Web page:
Morrowbie Jukes’s strange ride occurs when he is weakened by a fever. Baying dogs disturb his sleep. He kills one of them and displays its body, hoping to deter the other dogs from their baying. Instead, they devour the body “and, as it seemed to me, sang their hymns of thanksgiving afterwards with renewed energy.” Morrowbie tries to shoot the loudest of the dogs, but the lightheadedness that accompanies his fever makes him miss the offending dog even though he unloads both barrels of his shotgun in its direction.
Finally, Morrowbie decides to go after the dog with his boar spear. He has his pony, Pornic, saddled and sets out. The pony runs at breakneck speed in a straight line, galloping past the baying dog and running for several miles beyond it. Suddenly Morrowbie sees the waters of the river Sutlej before him; then his pony stumbles and the two roll down a slope. Morrowbie loses consciousness.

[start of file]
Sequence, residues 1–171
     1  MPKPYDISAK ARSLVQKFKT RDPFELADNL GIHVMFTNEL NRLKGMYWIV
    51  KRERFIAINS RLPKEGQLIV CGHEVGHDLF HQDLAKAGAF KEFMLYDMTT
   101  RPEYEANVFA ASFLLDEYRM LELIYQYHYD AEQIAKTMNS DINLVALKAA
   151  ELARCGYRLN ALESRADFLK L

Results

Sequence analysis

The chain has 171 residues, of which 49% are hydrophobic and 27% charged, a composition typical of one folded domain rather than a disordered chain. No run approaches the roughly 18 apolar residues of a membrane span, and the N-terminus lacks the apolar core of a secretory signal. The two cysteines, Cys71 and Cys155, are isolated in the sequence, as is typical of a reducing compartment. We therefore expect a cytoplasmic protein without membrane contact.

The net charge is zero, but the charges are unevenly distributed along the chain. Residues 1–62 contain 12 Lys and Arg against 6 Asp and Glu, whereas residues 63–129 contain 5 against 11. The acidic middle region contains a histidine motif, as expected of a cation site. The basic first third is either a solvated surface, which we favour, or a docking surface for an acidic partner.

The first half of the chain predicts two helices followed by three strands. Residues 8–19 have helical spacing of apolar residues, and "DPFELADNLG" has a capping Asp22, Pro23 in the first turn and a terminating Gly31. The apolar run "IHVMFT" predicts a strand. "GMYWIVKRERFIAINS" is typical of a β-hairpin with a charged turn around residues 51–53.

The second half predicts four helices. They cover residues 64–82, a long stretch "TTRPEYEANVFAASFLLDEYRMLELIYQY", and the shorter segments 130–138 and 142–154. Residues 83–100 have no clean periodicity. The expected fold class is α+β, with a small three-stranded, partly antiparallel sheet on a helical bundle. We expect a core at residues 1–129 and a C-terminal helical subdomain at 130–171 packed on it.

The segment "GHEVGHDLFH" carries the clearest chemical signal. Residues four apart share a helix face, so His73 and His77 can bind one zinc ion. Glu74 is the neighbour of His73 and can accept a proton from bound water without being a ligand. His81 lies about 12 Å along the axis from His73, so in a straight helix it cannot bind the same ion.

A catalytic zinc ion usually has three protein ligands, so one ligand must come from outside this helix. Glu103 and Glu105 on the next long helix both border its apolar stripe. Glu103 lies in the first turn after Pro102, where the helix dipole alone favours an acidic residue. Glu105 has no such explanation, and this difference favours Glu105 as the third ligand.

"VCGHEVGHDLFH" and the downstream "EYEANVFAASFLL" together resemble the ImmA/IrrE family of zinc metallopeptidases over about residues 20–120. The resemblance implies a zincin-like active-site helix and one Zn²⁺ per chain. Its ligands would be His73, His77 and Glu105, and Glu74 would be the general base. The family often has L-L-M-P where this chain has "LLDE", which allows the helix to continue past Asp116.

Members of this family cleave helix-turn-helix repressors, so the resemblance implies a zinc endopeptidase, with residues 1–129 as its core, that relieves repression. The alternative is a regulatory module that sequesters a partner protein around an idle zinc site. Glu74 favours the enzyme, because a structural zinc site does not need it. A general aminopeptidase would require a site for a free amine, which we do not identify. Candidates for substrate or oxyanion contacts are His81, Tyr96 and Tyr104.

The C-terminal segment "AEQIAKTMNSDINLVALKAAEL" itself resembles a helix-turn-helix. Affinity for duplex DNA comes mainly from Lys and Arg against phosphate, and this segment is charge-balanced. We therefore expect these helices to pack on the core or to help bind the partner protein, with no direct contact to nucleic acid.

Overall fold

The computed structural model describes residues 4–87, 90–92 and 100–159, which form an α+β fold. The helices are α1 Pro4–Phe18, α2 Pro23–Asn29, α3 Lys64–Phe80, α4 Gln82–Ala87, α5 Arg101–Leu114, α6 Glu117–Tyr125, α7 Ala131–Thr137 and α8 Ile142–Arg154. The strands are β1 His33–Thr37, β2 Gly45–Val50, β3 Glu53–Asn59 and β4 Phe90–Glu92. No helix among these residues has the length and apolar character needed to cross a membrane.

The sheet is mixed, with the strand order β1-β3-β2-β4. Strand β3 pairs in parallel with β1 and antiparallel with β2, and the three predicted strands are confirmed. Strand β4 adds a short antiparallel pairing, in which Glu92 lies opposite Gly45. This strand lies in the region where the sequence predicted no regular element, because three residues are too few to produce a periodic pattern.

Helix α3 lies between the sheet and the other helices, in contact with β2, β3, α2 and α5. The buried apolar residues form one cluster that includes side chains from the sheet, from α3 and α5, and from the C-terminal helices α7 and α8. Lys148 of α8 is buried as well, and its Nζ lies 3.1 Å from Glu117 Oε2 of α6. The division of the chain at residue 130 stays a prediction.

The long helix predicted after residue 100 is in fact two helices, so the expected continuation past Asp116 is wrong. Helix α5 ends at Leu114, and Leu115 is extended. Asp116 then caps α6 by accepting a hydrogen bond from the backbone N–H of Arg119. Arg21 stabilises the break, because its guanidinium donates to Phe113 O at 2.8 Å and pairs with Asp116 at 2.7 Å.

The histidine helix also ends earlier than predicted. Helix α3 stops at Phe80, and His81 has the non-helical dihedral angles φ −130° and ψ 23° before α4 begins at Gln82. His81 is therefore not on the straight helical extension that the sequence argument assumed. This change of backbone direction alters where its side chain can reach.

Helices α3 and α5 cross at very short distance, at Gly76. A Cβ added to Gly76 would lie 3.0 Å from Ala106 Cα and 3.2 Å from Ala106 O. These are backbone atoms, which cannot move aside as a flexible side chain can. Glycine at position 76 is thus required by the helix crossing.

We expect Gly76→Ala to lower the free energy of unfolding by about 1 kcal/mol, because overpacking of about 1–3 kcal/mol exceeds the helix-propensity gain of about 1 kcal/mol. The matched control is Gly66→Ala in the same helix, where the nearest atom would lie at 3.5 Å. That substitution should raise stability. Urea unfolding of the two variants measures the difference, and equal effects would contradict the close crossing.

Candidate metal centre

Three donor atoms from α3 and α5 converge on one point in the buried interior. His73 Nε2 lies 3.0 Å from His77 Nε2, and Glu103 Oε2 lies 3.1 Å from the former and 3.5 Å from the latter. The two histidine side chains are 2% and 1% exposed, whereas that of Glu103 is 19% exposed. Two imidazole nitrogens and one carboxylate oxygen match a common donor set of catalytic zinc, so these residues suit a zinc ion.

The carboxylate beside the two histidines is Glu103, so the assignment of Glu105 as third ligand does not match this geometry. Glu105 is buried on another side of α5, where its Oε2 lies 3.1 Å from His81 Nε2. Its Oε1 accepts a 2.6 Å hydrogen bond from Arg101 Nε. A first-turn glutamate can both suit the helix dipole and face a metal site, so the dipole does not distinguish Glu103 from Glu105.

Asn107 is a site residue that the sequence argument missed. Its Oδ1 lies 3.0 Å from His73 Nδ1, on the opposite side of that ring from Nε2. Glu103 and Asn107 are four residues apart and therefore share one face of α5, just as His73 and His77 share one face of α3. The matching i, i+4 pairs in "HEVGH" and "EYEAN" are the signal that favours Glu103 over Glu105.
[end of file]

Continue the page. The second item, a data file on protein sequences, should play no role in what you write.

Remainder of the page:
When he awakes, he is inside a horseshoe-shaped crater, three sides of which are enclosed by high slopes slanting at about sixty-five degrees. The river provides the remaining boundary. Morrowbie tries to ride out of the crater, but he cannot conquer its steep slopes. Then he hears a gunshot from across the river, and a bullet lands close to Pornic’s head.
Some time passes before Morrowbie becomes aware that other people inhabit this wilderness. Slowly, about sixty-five people emerge from badger holes that Morrowbie thought were untenanted. Among them is Gunga Dass, a Brahman and a former telegraph master, whom Morrowbie once knew. Gunga Dass cries, “Sahib! Sahib!” Morrowbie recognizes him only by a scar on his cheek for which Morrowbie was apparently responsible. Gunga Dass commences to tell Morrowbie about this city of the living dead on which he has stumbled.
(The entire section is 742 words.)